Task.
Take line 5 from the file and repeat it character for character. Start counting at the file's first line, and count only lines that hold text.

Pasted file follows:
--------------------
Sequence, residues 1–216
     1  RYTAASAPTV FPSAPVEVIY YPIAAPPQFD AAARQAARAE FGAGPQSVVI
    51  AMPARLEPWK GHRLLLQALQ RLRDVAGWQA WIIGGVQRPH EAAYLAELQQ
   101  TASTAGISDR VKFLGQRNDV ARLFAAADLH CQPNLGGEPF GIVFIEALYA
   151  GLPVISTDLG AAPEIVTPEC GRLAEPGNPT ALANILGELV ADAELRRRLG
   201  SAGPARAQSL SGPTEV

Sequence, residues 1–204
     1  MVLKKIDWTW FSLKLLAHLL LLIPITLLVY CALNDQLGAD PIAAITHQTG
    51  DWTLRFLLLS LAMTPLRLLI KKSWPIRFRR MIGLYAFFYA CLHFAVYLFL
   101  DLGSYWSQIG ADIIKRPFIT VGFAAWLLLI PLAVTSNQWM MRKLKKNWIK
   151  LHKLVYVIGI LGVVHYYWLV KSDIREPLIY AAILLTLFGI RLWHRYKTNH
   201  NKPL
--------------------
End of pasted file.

   151  GLPVISTDLG AAPEIVTPEC GRLAEPGNPT ALANILGELV ADAELRRRLG